Growing Future Scientists in a Lab

By: Leslie Brody | Follow Leslie Brody on Twitter | Email the author | The Wall Street Journal

New Jersey nonprofit looks to lure teenagers to science jobs with real-world experiments in a high-tech facility

Gwynn Munn, a Students 2 Science instructor, leads students in an experiment. Students 2 Science brings teenagers and professional scientists together to tackle projects in a high-end lab.

Photo: Steve Remich for The Wall Street Journal

As owner of a laboratory that tested pharmaceuticals, Paul Winslow was dismayed by the scarcity of qualified scientists he could hire.

After selling his business a decade ago, he tried to do something about the shortage. Dr. Winslow leased space across from a cemetery in East Hanover, N.J., rustled up $4 million worth of donated equipment and recruited volunteer scientists to show teenagers the wonder of real-world experiments.

His goal: getting them hooked on science so they can land lucrative jobs and companies won’t have to leave New Jersey to find skilled workers.

About 22,600 jobs tied to science, technology, education and math are currently open in the state, according to the New Jersey Department of Labor. The department predicts these fields will account for 251,000 positions in New Jersey in 2024, up 9% from 2014.

“If you want to keep industry in New Jersey, you have to have the manpower,” Dr. Winslow says. “We want to provide the next generation of scientists.”

The growing nonprofit he co-founded, Students 2 Science, brings more than 2,000 teenagers yearly to tackle a series of projects with chemists, engineers and other professionals in a high-end lab. It has instruments far more complex than the Bunsen burners of yore, including a liquid chromatograph with a mass spectrometer that can analyze fluids and is worth about a half-million dollars. Experiments include testing drinks, such as Monster Energy and 5-hour Energy, to see which has the most caffeine. (Answer: coffee.)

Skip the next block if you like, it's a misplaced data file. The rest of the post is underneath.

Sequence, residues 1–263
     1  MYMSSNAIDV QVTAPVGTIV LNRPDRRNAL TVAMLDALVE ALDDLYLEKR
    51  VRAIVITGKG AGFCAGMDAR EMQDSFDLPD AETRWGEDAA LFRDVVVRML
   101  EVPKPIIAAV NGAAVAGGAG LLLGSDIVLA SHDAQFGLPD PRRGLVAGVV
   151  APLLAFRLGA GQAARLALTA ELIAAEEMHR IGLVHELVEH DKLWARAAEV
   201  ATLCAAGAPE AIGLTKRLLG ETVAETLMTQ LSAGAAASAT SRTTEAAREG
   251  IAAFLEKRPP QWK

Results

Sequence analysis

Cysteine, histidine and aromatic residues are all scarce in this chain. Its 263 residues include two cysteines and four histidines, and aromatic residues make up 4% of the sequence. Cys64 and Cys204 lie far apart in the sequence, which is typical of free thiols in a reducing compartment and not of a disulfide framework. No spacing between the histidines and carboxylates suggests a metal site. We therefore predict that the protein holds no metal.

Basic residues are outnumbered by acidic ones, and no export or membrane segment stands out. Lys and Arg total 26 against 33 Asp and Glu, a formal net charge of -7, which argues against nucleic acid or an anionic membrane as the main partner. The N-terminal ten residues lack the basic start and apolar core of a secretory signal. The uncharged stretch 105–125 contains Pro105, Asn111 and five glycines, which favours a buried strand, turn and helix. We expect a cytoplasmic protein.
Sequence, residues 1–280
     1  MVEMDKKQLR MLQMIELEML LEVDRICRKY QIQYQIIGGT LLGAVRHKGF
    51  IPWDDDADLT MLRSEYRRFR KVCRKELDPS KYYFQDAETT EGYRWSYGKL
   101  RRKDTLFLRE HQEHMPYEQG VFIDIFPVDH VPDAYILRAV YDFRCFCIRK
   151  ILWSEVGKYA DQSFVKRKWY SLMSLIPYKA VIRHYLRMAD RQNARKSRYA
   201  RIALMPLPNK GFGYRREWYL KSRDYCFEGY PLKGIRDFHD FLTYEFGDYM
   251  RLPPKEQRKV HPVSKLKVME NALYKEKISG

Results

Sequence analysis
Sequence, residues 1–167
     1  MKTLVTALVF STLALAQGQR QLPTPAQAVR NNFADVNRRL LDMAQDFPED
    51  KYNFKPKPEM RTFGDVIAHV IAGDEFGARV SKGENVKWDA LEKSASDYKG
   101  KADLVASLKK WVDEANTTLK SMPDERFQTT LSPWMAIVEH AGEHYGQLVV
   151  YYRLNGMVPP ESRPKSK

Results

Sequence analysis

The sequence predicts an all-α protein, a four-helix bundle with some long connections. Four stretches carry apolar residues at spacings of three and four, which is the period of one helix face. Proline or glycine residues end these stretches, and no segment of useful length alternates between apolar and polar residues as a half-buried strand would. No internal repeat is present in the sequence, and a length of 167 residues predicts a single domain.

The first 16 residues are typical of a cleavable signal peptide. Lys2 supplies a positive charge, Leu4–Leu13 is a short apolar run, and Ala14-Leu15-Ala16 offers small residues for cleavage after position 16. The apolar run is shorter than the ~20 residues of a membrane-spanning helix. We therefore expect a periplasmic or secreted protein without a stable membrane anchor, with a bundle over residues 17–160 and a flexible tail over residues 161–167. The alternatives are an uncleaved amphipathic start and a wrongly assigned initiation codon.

Scientists and support come from a range of firms including Thermo Fisher Scientific Inc., Daiichi Sankyo Inc. and Merck & Co.

Most students come from poor cities like Newark, where school officials hope to create a second Students 2 Science lab downtown next fall. Leaders of the nonprofit and Newark schools have raised $1 million and want to raise another $7 million over five years to do so.

On a recent morning, 34 eighth-graders from the Abington Avenue School in Newark put on goggles, lab coats and rubber gloves to conduct four experiments designed to pique their interest and provoke analysis. One sought to create a sunscreen that would work better than commercial products. One aimed to find how much antacid it takes to calm a roiling stomach. And another showed why it takes 450 years for a disposable diaper or plastic water bottle to decompose.

Nayely Urena, 13 years old, took to the challenge. “You get to get your hands dirty,” she said.

As Jacek Kowalski, a retired vaccine researcher, helped two boys measure the viscosity of a solvent, he nudged them to be more careful. “The accuracy of your result depends on the accuracy of your observation,” he said. “You’re making observations and not writing them down? We never rely on our memory!”

Supporters like Chris Cerf, superintendent in Newark, say this lab offers much more than a glorified field trip. Students 2 Science also provides a “virtual lab” that helps children conduct experiments in their classrooms under the tutelage of a scientist in a studio, in an interactive videoconference that can train teachers as well as students.

“Too often educators have made science pretty uninteresting with big fat textbooks,” Mr. Cerf said. “This is really hands on.”

Nelson Ruiz, principal of Abington Avenue School, said that after his middle-schoolers visited the East Hanover lab last fall, they asked to start their own science club. Now there’s a coed group and one for girls that draws about 40.

According to surveys by Students 2 Science after visits to its lab last year, 42% of middle-schoolers said they were more likely to consider a science career, and 81% of high-school students showed deeper knowledge of job options in pharmaceuticals and chemistry.

“The natural world is the greatest show on earth,” said Dr. Kowalski. “I just want to yell it from the highest mountaintop so that kids out there who have the aptitude will have that experience.”